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Alexander's disease

Alexander’s disease belongs to the group of rare diseases. It is a fatal and neurodegenerative disorder that is established progressively. A group of cells of the nervous system, called astrocytes, are affected and anomalies appear that, finally, trigger the death of the patient.

Relationship with astrocytes

Astrocytes are star-shaped cells , hence their name. They are the most common type of , are non excitable nerve cells that support the neural networks.

Astrocytes perform functions of a structural nature, are responsible for capturing neurotransmitters (chemicals that participate in the transmission of nerve impulses) and provide the necessary nutrients so that neurons (the main cells of the nervous system) can function normally.

In addition, it is very important to take into account the protective role played by astrocytes, because unlike neurons, they can reproduce. This means that, in case of injury, they can help in the regeneration of the central nervous system and thus minimize the sequelae.

When this disease occurs, the myelin sheaths are destroyed. These are responsible for transmitting the nerve impulse at high speed and with great efficiency. They act as an insulating layer formed by proteins.

Alexander’s disease, therefore, is included in the group of

Patients with this disorder also have abnormal protein clusters called “Rosenthal fibers.”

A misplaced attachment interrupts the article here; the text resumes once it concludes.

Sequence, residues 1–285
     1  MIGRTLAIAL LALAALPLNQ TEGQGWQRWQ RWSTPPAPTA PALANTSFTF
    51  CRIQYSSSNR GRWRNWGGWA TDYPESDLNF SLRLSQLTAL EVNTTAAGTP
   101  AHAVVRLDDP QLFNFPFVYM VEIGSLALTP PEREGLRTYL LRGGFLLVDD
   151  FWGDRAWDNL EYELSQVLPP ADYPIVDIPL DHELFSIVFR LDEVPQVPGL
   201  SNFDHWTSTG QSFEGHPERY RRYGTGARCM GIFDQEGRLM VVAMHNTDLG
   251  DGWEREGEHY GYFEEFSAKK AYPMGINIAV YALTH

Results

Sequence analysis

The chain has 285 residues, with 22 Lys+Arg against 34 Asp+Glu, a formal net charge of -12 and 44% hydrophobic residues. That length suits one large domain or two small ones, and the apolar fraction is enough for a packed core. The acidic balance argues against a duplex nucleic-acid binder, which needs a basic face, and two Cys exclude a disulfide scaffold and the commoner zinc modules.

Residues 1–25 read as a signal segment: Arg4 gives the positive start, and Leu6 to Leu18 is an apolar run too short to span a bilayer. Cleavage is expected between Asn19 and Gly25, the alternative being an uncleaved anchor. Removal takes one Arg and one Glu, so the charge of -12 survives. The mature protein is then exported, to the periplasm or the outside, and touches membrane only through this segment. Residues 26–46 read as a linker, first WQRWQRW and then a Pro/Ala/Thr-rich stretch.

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Classification and symptoms

Alexander's disease

The subtypes of the disease vary according to the age at which it occurs and its consequences on the patient:

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Causes of Alexander’s disease

Alexander's disease

The causes of this disease are not known yet. However, research is currently underway and everything seems to point to an alteration in the GFAP gene. The genetic alteration of the glial fibrillary acidic protein (GFAP) is of hereditary and dominant character. The anomaly is present in more than 90% of cases.

Diagnosis and treatment

Alexander's disease

For many years, autopsy was the only way to confirm the diagnosis. This is because the symptoms of Alexander’s disease are not specific, as many other debut similarly. Nowadays, we use image techniques. Magnetic resonance is the method most used for the study of the brain.

So far, it is a . There is no known cure and the fact that there are so few cases described make their study extremely difficult, as it is a very rare disease and from which one can hardly draw clear conclusions.

Unfortunately, the disease has an unfavorable prognosis. However, medications that relieve symptoms may be prescribed to try to lead a normal life as possible. Therefore, we speak of a symptomatic treatment that includes, among others, antiepileptic drugs, physical and occupational therapy, speech therapy and rehabilitation.

Alexander's disease